It’s both hard to believe it’s already been two months and that it’s only been two months since I stopped being pregnant and started being a parent.
It’s also been six weeks since I wrote my post about postpartum depression. And while I still have days or collections of days where it’s a harder fight than others, for the most part, things are definitely better. I feel more like myself more days than I don’t, and I also can go several days without crying, which is AWESOME. (I know that sounds super depressing, but if you’re going or have gone through it, you understand.)
How to Get Through Post-Partum Depression (or Any Depression Really)
If you or someone you know is struggling (this sounds like the beginning of a PSA for a helpline, but it’s not), here is the three-prong strategy that helped me (and continues to do so).
#1: Know That Some Days are Simply There to Be Endured
This is especially hard to swallow if you are a bit Type A like I am. I generally have a list of things I want and expect to get done, and when things start hitting the fan, it starts this spiral of guilt, frustration and ennui that’s hard to break out of.
For instance, there was one evening where I was on my own with Pip, during which I intended to get some freelance work done, fit in a workout and clean up the kitchen (while also fitting in at least one pumping session). Pip slept long enough for me to pump, but he woke up crying literally 5 minutes into my workout. Not just whimper-I’ll-put-myself-back-to-sleep-don’t-worry-Mom-crying, but full-on wailing. I stared at the monitor for a few minutes to see if this was temporary, and then I went up, dutifully replaced his pacifier and calmed him down, and then went back to my workout. A minute later, more wailing. I tried to ignore it for a few minutes (please no lectures about cry-it-out), since I knew he was neither hungry nor needed a diaper change, but it was not to be. He kept crying, and I couldn’t complete the strength moves because I was also crying and couldn’t pull enough energy to complete them, even though I knew I had enough muscle strength. I retrieved Pip, who was not content to be anything but held, and we spent the rest of the evening watching Mad Men on Netflix. And once I gave into the fact that that was going to be the extent of my achievements for the night — and forgave myself for it — I felt strangely better.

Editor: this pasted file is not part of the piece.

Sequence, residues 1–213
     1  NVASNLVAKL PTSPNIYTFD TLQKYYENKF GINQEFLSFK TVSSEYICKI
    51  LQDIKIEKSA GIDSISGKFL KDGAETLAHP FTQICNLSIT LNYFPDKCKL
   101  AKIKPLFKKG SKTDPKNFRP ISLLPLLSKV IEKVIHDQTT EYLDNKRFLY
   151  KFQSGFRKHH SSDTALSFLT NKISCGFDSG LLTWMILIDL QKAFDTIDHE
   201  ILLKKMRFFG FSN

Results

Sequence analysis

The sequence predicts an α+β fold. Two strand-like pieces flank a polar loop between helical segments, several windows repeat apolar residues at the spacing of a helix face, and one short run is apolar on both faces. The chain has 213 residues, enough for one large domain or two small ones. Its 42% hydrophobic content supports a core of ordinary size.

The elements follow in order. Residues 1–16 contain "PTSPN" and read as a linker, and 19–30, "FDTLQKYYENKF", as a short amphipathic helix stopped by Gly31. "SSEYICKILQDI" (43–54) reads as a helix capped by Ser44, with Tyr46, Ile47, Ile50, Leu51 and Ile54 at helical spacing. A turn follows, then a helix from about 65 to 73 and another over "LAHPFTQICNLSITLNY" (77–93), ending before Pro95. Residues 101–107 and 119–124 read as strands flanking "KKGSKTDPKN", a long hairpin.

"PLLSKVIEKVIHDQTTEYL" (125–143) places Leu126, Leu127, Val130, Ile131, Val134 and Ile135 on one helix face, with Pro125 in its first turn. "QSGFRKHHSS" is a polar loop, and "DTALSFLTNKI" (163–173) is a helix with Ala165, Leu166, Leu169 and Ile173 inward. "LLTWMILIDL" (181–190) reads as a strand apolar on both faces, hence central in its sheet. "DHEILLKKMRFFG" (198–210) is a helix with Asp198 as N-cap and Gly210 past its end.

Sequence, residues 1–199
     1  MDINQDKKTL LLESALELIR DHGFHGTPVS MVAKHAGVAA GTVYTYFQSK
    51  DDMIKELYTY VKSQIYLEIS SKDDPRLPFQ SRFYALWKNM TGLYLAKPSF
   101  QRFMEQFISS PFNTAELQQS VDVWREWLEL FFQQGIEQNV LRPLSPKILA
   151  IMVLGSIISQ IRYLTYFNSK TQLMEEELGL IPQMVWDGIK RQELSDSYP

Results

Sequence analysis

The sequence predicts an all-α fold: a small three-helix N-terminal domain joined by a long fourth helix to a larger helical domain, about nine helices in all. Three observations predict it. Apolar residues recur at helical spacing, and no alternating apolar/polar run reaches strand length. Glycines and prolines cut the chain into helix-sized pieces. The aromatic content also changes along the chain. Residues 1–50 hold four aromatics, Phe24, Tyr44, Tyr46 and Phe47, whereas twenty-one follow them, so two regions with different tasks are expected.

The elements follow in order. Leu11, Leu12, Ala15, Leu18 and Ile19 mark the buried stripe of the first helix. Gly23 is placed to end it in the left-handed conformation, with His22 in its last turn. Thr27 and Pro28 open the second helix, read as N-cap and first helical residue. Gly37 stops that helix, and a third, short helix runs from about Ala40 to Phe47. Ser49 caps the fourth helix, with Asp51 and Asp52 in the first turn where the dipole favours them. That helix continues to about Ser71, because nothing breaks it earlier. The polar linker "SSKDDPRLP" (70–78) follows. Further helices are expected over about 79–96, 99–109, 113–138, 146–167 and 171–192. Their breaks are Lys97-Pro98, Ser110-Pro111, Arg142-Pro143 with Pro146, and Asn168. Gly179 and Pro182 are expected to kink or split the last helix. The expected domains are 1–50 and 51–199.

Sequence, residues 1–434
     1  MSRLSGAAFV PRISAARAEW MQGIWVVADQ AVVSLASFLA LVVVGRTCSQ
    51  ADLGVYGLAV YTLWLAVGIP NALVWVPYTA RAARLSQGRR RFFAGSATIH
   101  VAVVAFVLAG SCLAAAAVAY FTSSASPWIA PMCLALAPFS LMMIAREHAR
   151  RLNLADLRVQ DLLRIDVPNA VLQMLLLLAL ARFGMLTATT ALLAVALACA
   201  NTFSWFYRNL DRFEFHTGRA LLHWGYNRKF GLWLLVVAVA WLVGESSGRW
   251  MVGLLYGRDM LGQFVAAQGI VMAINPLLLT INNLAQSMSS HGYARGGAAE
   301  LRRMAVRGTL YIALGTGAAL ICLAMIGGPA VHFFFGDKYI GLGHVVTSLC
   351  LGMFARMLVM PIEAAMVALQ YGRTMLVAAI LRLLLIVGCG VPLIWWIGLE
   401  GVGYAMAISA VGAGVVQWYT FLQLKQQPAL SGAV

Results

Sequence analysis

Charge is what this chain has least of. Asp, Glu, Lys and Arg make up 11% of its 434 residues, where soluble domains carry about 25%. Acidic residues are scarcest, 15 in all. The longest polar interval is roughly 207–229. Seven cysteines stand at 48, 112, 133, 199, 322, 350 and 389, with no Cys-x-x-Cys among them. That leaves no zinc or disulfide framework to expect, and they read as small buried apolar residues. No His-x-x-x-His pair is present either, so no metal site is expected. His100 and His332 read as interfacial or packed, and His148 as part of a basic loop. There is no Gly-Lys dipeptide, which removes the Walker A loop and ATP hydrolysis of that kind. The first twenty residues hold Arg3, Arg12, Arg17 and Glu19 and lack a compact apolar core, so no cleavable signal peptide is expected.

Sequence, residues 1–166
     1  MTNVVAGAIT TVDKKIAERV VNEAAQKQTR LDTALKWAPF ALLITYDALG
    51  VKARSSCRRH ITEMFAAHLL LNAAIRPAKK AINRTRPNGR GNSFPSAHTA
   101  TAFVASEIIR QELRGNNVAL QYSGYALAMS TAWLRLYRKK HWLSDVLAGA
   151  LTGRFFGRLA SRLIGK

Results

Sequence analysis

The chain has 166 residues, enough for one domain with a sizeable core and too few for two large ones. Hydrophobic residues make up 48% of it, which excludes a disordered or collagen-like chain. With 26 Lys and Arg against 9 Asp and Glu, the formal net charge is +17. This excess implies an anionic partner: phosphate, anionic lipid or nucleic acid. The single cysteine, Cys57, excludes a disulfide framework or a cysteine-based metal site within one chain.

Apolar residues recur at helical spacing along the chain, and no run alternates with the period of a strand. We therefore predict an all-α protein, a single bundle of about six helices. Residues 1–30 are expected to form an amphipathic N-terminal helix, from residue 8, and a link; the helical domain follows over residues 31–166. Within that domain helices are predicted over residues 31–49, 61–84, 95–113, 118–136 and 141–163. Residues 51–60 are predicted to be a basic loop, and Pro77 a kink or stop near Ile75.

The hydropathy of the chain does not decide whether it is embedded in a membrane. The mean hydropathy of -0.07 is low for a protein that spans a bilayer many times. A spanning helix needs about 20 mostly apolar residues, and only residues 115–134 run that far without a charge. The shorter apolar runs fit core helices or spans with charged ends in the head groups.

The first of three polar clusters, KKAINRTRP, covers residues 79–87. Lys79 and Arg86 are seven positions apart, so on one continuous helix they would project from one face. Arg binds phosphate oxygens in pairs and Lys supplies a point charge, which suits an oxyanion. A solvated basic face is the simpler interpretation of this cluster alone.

There will be days like this. Forgive yourself for letting go of your to-do list on those days. Even when those to-dos are imperative to accomplishing your big goals and/or lifelong dreams, they will keep. The Universe is understanding.
#2: Give Yourself Things to Look Forward To
Whether it’s a date night with your significant other, a solo trip to a coffee shop with a book or a laptop, or an hour to get in just one focused workout, schedule things during the week — EVERY WEEK — to look forward to. Preferably several times a week. These events are absolutely necessary in my experience to surviving those Days That Must Be Endured.